On Feb. 13, the House of Representatives passed H.J. Res. 37, a joint resolution that purports to direct the executive branch to end U.S. support for the Saudi-led military campaign against Houthi rebels in Yemen.
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Yesterday, on Dec. 13, the Senate made history. By a vote of 56-41, it adopted S.J. Res. 54, a bipartisan joint resolution that directs U.S. forces to withdraw from “hostilities” in Yemen not related to al-Qaeda within 30 days of enactment—a move that, its supporters maintain, will end U.S. support for the Saudi-led coalition currently waging a military campaign against Yemen’s Houthi rebels.
On Wednesday, Nov. 28, Congress took what may be its most important step to date towards openly opposing U.S. involvement in the Yemen war. By a vote of 63 to 37, the Senate elected to discharge a joint resolution directing an end to U.S. involvement in Yemen out of the Senate Foreign Relations Committee and on to the Senate floor. The resolution in question, S.J. Res.
Editor’s Note: This article originally appeared on Order from Chaos.
The United States has usually not had a Yemen policy—rather, its policy toward Yemen is a subset of its policy toward Saudi Arabia. This is especially true today with the war in Yemen. Two U.S. administrations have backed the Saudi intervention in the civil war in its smaller and much poorer neighbor.
The United States continues to tacitly support Saudi Arabia and the United Arab Emirates’s military campaign in Yemen even as the country implodes, Iran’s influence grows and U.S. allies sink into the quagmire. The U.S. government calculated that supporting its allies in favor of preventing Iranian encroachment offers more value than the fallout from the humanitarian crisis.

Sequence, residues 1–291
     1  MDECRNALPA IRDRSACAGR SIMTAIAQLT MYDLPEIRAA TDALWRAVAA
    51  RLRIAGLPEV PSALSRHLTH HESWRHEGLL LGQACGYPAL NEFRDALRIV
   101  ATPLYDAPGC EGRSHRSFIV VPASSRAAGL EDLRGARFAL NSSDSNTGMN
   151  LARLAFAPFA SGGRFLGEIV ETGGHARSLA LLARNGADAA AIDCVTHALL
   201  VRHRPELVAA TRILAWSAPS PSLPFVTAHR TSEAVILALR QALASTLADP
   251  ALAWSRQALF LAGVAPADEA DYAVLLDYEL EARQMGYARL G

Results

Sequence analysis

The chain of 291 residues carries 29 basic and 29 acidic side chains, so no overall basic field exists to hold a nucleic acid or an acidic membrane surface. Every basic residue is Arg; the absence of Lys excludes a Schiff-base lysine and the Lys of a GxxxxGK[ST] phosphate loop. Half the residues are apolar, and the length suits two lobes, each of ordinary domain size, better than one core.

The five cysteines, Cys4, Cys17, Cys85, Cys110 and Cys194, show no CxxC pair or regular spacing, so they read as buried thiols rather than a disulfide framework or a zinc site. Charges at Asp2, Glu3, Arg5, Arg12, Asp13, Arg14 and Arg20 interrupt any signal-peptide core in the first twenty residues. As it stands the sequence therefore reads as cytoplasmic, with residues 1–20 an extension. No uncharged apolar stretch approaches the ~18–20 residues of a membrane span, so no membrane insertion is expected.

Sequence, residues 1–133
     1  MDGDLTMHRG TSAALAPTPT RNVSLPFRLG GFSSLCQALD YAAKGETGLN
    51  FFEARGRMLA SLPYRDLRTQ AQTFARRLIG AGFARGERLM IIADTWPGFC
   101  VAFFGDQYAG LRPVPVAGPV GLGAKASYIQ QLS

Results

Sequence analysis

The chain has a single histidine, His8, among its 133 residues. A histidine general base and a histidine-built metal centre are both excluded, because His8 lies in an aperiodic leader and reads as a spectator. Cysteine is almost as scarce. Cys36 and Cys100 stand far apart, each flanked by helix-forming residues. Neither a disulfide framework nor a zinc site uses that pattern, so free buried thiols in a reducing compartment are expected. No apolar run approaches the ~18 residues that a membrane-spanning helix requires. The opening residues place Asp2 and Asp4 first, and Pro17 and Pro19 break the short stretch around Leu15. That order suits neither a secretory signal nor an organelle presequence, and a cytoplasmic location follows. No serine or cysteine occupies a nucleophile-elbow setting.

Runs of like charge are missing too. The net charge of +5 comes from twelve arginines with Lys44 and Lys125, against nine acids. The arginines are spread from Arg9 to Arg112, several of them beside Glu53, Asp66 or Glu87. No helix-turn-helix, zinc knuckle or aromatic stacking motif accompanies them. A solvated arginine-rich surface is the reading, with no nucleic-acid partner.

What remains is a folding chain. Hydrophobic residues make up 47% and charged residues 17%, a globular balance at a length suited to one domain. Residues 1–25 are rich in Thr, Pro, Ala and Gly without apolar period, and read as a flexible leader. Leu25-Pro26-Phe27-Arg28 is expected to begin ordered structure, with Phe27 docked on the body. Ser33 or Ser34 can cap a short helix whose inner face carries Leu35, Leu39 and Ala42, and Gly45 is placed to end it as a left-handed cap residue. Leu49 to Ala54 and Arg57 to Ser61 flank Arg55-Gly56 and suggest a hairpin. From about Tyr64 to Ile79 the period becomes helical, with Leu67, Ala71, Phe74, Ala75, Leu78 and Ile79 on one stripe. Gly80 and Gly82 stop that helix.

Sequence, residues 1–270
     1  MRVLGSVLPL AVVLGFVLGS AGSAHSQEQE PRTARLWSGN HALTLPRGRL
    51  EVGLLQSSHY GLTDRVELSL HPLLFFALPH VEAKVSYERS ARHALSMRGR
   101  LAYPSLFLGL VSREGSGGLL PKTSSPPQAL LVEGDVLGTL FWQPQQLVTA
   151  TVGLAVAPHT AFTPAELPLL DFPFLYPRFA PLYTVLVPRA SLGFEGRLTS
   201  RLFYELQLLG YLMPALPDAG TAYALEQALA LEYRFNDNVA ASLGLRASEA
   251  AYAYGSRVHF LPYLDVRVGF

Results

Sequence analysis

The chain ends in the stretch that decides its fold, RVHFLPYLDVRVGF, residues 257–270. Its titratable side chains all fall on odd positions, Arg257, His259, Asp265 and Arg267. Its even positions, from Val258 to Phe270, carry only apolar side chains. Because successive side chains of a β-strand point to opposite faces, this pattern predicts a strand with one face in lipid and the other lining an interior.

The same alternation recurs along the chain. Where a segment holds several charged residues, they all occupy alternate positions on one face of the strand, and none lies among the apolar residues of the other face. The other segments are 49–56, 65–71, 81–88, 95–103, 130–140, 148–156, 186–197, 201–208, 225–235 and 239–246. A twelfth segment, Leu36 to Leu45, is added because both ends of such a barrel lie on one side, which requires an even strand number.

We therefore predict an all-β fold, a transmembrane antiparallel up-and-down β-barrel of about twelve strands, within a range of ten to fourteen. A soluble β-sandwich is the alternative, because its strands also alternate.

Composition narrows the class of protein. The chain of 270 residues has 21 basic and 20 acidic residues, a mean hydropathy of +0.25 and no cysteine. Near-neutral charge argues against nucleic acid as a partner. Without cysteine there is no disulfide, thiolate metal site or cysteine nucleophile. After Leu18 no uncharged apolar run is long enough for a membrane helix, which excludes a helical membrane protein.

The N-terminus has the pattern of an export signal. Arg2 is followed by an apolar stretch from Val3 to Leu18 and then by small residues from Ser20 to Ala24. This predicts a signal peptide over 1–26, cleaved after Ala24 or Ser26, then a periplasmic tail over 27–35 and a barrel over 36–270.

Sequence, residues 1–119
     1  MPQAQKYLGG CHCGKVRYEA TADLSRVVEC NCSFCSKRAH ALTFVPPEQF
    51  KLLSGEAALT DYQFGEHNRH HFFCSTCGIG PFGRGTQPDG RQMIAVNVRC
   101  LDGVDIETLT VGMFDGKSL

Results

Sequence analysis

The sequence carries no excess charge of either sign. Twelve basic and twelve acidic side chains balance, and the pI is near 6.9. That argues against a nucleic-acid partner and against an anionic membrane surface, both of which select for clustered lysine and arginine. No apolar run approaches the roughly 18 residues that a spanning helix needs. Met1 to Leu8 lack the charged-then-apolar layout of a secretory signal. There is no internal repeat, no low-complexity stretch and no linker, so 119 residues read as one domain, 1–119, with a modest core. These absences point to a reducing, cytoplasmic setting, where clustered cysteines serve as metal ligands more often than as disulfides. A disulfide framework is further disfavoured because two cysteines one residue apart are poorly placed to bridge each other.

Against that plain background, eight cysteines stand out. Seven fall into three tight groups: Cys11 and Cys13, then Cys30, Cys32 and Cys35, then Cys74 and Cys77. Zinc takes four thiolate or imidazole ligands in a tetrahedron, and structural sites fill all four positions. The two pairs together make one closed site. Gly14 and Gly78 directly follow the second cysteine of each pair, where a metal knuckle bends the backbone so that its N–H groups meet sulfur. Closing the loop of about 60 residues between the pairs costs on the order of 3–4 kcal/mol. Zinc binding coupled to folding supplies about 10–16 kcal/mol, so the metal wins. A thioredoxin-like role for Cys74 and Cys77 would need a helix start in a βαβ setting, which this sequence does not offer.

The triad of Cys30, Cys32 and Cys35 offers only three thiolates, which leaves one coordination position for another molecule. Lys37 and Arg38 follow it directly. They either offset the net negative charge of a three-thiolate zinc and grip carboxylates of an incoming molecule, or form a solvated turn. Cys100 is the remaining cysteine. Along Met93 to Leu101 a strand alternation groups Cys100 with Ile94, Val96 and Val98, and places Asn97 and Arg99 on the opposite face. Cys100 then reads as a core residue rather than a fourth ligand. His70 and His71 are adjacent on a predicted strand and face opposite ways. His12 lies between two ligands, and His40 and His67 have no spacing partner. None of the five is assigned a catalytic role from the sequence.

Saudi Arabia and the United Arab Emirates’s deepening intervention in Yemen is the triumph of hope over experience. Riyadh’s latest campaign in Yemen began in 2015 to topple the then-triumphant Houthi rebels, whom Saudi leaders considered too close to Iran. Rather than dissuading their good buddies in Riyadh from this dangerous course, the UAE too has plunged into the morass, also hoping to set back Iran.
Over the last several days Emirati, Saudi, and Yemeni troops launched an offensive aimed at recapturing the Red Sea port city of Hodeidah. The port city, which accounts for 70 percent of imports into the country, is also a key source of income for the Houthis, a militia group that receives smuggled Iranian missiles and which has controlled the city and the port since October 2014.
Earlier this evening, the U.S. Senate voted to table the motion to discharge S.J. Res. 54, the joint resolution seeking to end U.S. support for the Saudi-led campaign in Yemen, making it unlikely that the joint resolution will see further action.
Last Wednesday, Feb. 28, a bipartisan coalition of senators introduced a proposed new joint resolution seeking to compel the Trump administration to end U.S. support for the Saudi-led campaign in Yemen. This resolution has already kicked off a new round of what is, in our view, a much-needed debate about the merits of U.S.
Yesterday evening, Senators Bernie Sanders (I-VT), Mike Lee (R-UT), and Chris Murphy (D-CT) released a joint resolution seeking to compel the removal of U.S. forces from hostilities in Yemen.
Joint Resolution on Yemen